No motorcycle is ever ready to go from the factory, therefore everyone sets their bike up to fit their needs. There are always going to be things to make it more comfortable, perform better and be protected from the off-road elements. After picking up my 2017 KTM 500 EXC, I only got about 1 or two rides on it before the mods began. My buddy Greg at Head Down Throttle Back set me up with a pile of parts to get this project going.
Tidy LED Taillight with Integrated Turn Signals
First things first. That super dorky factory taillight had to go. I cleaned up the back of the bike and installed a much lighter and smaller LED taillight/ turn-signal assembly. The turn signals are integrated into the sides of the taillight and flash orange. The bottom of the light even has a license plate light. I have one of these on my 690 and I love it. It makes for much less bulk on the back of the bike. It’s a factory plug and play unit with KTM connectors so the install is a breeze. I purchased mine off eBay member pw_garfield. He has these available for multiple bikes.
Ha! This thing is a joke right?
Ditching the Reflectors
Dirtbikes don’t have reflectors. They came off and on went the WP Suspension XPLOR 48 fork protection decals.
TM Designworks Skid Plate
KTM doesn’t even bother putting a skid plate on this bike from the factory. It’s probably because it’s the first thing to get tossed in the trash and upgraded. I chose to go with the plastic TM DesignWorks skidplate for a couple reasons.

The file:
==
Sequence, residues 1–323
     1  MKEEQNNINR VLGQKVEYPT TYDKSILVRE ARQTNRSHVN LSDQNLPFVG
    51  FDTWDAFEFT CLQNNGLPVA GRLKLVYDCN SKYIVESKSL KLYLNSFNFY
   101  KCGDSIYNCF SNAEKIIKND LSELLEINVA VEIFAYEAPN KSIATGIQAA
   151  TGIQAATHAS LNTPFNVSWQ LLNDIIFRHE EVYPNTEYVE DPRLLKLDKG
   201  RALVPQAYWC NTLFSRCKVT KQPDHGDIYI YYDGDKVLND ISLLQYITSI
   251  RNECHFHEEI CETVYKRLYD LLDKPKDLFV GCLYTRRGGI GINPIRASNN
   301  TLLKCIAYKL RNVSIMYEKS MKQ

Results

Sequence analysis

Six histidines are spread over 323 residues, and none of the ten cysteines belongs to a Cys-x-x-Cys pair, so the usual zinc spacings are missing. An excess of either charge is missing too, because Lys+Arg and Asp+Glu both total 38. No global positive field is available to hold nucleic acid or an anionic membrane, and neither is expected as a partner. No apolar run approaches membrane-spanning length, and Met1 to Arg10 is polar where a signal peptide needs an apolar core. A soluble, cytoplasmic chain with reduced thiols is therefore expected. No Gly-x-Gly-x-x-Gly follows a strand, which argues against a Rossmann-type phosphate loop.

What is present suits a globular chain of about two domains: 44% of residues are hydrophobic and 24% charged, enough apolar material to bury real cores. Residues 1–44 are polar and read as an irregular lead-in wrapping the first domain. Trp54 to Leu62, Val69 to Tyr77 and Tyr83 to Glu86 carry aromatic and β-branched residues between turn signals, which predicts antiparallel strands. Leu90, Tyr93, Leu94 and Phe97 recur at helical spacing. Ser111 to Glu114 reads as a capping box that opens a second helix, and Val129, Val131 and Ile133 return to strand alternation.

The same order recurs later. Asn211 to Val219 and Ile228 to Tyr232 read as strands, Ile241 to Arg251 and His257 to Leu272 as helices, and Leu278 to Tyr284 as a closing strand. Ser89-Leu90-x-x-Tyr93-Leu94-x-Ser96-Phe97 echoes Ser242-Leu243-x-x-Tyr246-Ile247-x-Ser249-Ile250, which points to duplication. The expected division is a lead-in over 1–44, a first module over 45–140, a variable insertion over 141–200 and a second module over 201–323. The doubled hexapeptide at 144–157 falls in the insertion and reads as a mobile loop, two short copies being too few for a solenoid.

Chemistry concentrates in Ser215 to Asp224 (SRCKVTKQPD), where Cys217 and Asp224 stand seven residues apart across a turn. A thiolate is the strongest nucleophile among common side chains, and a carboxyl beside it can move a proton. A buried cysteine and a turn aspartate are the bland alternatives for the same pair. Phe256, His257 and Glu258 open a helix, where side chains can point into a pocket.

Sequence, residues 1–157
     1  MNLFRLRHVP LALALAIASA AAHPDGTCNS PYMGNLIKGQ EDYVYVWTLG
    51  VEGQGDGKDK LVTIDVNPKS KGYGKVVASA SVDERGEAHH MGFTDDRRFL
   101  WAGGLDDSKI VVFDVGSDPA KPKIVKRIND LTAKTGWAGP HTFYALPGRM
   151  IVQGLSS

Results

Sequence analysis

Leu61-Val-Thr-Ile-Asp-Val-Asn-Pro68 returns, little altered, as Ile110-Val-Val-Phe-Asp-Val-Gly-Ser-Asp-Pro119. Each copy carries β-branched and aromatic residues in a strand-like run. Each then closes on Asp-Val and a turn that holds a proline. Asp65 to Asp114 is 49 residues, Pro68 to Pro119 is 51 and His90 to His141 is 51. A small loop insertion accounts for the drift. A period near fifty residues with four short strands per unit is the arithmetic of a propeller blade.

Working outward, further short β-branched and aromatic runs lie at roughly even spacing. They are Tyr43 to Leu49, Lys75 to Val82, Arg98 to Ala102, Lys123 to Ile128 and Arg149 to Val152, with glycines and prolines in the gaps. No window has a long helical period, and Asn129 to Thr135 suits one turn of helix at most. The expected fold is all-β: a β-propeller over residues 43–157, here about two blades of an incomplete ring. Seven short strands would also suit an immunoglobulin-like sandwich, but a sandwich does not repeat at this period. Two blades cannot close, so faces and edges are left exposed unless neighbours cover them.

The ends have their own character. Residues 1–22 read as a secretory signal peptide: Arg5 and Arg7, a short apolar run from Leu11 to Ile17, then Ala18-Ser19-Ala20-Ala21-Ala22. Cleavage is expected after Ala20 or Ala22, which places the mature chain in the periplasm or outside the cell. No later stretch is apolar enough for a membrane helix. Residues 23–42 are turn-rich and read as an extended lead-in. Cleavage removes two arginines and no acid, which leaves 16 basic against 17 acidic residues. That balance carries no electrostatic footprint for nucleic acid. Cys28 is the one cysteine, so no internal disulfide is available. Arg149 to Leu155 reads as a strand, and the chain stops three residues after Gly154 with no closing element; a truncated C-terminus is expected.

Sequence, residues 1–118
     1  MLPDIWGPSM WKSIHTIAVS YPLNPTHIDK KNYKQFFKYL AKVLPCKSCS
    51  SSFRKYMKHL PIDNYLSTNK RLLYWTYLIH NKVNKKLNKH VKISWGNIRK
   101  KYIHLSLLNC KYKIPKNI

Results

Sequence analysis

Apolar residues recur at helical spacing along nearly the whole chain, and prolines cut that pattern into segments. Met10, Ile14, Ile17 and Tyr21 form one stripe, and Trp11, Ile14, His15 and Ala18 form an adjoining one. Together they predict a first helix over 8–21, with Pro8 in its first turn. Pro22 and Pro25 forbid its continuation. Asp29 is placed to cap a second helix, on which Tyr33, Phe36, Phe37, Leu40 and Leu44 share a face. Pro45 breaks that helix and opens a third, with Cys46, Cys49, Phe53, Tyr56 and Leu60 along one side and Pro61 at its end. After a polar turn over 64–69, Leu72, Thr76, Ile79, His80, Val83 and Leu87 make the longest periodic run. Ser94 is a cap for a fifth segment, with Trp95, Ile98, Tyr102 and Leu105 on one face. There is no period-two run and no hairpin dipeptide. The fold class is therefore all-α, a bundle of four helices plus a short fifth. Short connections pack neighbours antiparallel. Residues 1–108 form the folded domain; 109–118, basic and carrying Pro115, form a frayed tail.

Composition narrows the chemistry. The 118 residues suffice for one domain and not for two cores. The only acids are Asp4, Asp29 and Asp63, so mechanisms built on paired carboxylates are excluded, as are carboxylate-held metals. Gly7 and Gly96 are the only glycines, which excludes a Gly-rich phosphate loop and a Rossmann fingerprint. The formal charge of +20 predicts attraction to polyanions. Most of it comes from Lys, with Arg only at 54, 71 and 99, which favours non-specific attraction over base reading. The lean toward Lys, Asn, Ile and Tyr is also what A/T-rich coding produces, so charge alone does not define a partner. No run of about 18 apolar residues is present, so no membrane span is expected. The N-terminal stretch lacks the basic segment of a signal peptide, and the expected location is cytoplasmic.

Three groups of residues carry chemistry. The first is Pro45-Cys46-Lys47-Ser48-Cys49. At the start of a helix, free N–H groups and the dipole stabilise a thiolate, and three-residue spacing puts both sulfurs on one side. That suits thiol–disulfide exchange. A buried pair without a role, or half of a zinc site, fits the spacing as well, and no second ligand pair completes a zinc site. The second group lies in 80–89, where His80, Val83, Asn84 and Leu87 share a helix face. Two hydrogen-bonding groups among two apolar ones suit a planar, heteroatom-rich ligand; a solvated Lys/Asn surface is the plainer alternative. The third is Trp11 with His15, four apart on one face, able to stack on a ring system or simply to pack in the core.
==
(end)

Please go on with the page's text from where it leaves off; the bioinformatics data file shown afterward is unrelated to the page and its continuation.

- less noise and vibration than aluminum
- glides over logs and rocks easier
- lightweight yet extremely strong
- it is molded to the bike to provide better sidecase protection
Cyra Handguards and Sicass Deflectors w/ LED Turn Signals
Every bike needs handguards. They help protect the rider’s hands as well as the bars and levers when the bike goes down. I went with Cycra ProBend handguards and chose SICASS deflectors with the integrated LED turn signals. This allowed me to ditch the front factory turn signals that stuck out from the side of the headlamp mask. I want to keep this bike as trim as possible. Basically it is my barely legal bike. It’s not going to see much street so I don’t need all that bulky stuff sticking out on the trail.
Acerbis 4.1 Gallon Fuel Tank
The stock tank is only about 2.2 gallons which means rides are limited to about 100 miles. I upgraded to the Acerbis 4.1 gallon tank. IMS makes a 4.5 gal tank, however I was told by my buddy Greg at Head Down Throttle Back that he had to send back a handful of tanks due to poor craftsmanship and leaks. This Acerbis fit like a glove. It hugs the bike nicely and puts the weight as close to the motor as possible. My only gripe about it is the way the side panels attach to the radiator shroud. They give you 4 o-rings to use as straps to keep the side panels secured. Seems sort of like an afterthought, but so far it works just fine and hasn’t bother me too much.